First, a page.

Rutherford’s Gold Scattering Experiment for GCSE Science

It was quite the most incredible event that has ever happened to me in my life. It was almost as incredible as if you fired a 15-inch shell at a piece of tissue paper and it came back and hit you.

– Ernest Rutherford

Being able to write out the key results of Rutherford, Marsden and Muller’s famous gold leaf scattering experiment is one of the requirements of the GCSE Physics syllabus. It comes up both in AQA and iGCSE Edexcel that I regularly tutor every year. This is usually accompanied by a comparison with the older “Plum Pudding” model of the atom. On this particular post I have embedded an invaluable video that I use for my online Physics tutoring sessions. A must watch for a deeper understanding of Rutherford’s experimental set up and his findings.

Gold leaf nucleus

Writing out the correct answer on a test is one thing, and understanding the human story of ingenuity, perseverance and scientific intuition is another. We tend to learn things better when they are presented as stories and great breakthroughs often challenge the status quo of the time. What he found was mind boggling at the time, and even today it is hard to imagine how empty an atom actually is.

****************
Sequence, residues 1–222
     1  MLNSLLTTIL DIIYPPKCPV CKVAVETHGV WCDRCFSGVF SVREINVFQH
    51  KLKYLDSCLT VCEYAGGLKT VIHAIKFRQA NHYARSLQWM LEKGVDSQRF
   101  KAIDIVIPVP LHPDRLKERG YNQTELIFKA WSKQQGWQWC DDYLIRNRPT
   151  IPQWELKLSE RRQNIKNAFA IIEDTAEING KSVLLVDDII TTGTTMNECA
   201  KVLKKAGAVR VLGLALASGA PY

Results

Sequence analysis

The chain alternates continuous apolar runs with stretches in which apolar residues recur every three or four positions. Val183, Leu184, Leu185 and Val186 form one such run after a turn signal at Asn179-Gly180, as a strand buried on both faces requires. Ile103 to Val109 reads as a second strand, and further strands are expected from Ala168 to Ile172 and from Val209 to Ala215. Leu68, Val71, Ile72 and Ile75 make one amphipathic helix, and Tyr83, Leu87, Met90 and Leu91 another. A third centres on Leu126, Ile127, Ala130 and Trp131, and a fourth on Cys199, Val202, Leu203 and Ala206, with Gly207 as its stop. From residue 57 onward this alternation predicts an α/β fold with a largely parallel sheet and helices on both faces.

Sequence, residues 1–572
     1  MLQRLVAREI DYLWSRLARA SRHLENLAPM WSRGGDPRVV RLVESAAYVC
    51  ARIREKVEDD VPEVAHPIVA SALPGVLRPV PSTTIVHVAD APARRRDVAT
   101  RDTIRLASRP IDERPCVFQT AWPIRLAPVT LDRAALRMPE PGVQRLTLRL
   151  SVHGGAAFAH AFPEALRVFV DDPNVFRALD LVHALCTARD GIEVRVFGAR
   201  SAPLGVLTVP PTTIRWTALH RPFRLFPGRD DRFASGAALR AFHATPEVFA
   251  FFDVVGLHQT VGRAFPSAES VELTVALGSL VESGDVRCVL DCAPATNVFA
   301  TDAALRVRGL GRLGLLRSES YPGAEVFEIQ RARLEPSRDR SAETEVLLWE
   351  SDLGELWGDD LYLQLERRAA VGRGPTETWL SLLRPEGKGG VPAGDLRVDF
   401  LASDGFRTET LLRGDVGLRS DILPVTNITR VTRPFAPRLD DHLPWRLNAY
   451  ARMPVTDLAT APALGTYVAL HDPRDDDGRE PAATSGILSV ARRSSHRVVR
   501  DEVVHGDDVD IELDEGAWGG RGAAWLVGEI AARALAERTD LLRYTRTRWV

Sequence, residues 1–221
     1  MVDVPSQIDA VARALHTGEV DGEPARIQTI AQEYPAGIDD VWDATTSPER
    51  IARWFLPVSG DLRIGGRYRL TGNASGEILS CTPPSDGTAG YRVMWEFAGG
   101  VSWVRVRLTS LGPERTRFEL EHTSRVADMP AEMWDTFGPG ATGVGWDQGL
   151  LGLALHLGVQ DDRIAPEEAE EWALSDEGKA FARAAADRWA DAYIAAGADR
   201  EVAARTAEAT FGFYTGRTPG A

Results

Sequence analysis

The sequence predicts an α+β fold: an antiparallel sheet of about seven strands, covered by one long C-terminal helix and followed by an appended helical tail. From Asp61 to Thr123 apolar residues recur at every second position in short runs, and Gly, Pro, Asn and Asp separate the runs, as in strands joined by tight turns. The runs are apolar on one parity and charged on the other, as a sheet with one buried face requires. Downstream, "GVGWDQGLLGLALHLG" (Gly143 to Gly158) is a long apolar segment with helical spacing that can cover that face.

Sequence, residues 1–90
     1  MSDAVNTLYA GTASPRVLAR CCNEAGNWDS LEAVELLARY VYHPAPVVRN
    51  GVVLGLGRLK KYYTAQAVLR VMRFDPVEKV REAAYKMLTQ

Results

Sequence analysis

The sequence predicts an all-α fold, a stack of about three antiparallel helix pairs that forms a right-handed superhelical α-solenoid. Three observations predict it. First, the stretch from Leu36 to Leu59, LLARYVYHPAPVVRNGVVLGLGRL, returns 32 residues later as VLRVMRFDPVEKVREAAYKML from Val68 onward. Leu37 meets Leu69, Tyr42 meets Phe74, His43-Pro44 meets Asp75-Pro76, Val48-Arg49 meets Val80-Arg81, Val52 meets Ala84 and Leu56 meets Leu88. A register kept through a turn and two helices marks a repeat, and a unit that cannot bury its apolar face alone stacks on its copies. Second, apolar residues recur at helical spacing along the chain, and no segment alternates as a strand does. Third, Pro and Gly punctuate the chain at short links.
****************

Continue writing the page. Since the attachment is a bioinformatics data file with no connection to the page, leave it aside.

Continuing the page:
In this BBC documentary Professor Jim Al Khalili visits the actual laboratory in Manchester where Rutherford got his two assistants to explore the atom in detail. He shows the actual equipment used and the story of how one seemingly random decision by Rutherford ended up unraveling the mystery of the atom. The video is part of a BBC series called Atom. A must watch for all GCSE students with the key part being from 17:30 to 25:07. The video auto-starts at this point on this link. So press play and be taken on a journey of the most important chapter in the discovery of the inner workings of the atom.

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